Not ALL Video Games are Bad for You

We are always hearing about how bad video games can be for us. We sit on our sofas, eat junk food, drink soda and whittle away the hours as we attempt to solve the latest mystery or kill the newest villain.

Apparently, not all video games are bad for us. Tetris can actually be beneficial and there have been multiple studies in various fields to prove it.

One study in Oxford showed that twenty minutes of gameplay helped to reduce the incidents of flashbacks in traumatic vehicular accidents.

Another study in Australia showed that playing Tetris can actually help reduce cravings for everything from coffee to alcohol, even drugs.

Researcher Prof Jackie Andrade explained: “We think the Tetris effect happens because craving involves imagining the experience of consuming a particular substance or indulging in a particular activity. Playing a visually interesting game like Tetris occupies the mental processes that support that imagery; it is hard to imagine something vividly and play Tetris at the same time.”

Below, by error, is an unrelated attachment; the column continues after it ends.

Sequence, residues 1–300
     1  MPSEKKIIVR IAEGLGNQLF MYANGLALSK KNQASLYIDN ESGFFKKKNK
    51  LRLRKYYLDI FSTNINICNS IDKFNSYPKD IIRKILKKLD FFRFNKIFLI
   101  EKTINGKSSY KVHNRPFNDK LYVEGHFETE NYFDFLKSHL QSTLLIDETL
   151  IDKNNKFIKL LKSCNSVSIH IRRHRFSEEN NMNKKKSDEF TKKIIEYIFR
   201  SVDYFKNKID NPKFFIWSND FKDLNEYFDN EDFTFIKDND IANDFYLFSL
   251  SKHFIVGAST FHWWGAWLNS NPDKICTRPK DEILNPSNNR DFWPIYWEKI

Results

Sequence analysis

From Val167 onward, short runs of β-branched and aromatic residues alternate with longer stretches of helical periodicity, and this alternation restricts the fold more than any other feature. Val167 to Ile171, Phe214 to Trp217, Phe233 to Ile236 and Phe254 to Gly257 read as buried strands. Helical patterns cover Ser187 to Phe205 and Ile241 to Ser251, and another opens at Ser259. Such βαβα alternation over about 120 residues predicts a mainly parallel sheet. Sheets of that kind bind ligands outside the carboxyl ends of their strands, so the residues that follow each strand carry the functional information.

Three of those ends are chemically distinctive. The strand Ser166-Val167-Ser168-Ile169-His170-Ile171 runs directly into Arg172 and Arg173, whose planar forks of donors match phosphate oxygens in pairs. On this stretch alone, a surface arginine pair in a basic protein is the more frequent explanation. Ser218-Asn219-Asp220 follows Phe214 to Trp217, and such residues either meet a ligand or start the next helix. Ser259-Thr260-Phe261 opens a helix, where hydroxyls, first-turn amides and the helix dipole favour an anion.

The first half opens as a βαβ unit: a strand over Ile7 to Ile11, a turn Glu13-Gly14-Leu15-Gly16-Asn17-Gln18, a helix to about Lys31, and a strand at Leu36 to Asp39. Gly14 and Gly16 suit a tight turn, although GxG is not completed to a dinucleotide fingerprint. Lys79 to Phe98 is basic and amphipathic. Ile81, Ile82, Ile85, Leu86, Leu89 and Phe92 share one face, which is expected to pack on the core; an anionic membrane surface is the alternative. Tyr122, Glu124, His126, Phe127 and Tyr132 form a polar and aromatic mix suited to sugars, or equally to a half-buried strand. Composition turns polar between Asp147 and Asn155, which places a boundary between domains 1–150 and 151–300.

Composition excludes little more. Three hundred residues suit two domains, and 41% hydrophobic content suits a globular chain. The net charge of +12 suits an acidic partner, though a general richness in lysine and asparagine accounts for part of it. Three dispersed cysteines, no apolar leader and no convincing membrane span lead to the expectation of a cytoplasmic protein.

Another study also showed that an adapted version of Tetris helped treat a condition known as lazy eye when both eyes are forced to work together.

Dr Robert Hess, from McGill University in Canada, who ran the study said: “Using head-mounted video goggles we were able to display the game dichoptically, where one eye was allowed to see only the falling objects, and the other eye was allowed to see only the ground plane objects.”

So, next time someone tells you that video games aren’t good for you, pull up a few of these studies and tell them, that not ALL videos games are bad.

 

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